I know it’s not the real newspaper, but I would expect some degree of reporting integrity from them even on their blogs, although given that their comment section seems to attract the usual tinfoil hat anti-nuke crowd, as it would appear that they have decided hits are more valuable than accuracy:
Now, let’s look at their story on radioactive tuna.
Soon after the accident, scientists were pointing out that it’s hard to say where the tuna on your sashimi plate has come from. Even if fish do pass through contaminated waters off the coast of Fukushima, it’s unlikely they would stick around long enough for much radioactive cesium to build up in their bodies, they said.
OK, let’s note that scientific opinion, presented in a manner suggesting that scientists were dismissing the risk.
The U.S. Food and Drug Administration notes in a bulletin that radioactive iodine, which has a short half-life, would be gone by the time migratory fish arrive in U.S. waters, and that radioactive cesium hasn’t been detected in any tuna imported from Japan.
That’s facts, not opinion.
Many fisheries have been even more dismissive about the chances of contamination.
The Oregon Albacore Commission said Albacore tuna caught by the U.S. troll and pole fleet were expected to be "completely unaffected" since the tuna are migratory warm water fish.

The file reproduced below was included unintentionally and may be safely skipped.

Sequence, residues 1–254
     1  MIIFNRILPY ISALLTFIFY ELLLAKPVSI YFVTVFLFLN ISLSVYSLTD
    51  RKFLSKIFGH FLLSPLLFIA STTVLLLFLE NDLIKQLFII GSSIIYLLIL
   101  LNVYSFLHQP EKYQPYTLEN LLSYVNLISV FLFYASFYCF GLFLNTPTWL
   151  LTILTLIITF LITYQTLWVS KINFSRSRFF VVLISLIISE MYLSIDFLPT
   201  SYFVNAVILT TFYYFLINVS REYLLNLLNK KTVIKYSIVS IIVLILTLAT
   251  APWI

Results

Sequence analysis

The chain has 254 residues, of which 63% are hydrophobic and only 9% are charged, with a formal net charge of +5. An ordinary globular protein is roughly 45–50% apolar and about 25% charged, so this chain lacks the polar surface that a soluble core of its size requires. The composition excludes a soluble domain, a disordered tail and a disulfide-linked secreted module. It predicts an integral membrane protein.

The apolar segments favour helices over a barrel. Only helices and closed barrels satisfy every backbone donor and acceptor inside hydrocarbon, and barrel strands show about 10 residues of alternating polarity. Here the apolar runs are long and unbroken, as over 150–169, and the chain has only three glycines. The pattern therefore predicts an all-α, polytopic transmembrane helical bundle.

"Ten years of tagging data show that these fish do not come anywhere close to the cold waters of Japan at this time of year and it is believed that these albacore tuna stocks are currently many hundreds if not thousands of miles away from Japan at this time," the commission said on its website after the accident.
That doesn’t sound dismissive, it is a solid evidence-based viewpoint.
To be sure, the commission may be absolutely right, and the albacore that make their way to Oregon may travel very different routes to the contaminated bluefins caught off the shores of Southern California.
The WSJ is suggesting that the commission is lying about their ten years of tagging data.
It also should be noted that the amounts of radioactive cesium found in the bluefins were only 3% higher than normal, and probably safe to eat, according to the Stanford scientists.
An extra 3% is reported as "probably" safe to eat. Just like the scientists said at the top of the article, "it’s unlikely they would stick around long enough for much radioactive cesium to build up".
So sushi lovers may still be able to enjoy their maguro for now. Until, that is, Fukushima Daiichi teaches us our next lesson about how much we don’t know.
"may"? "for now"? "until"? The unchanging levels of mercury are a more real, quantifiable (indeed quantified for pregnant women) risk.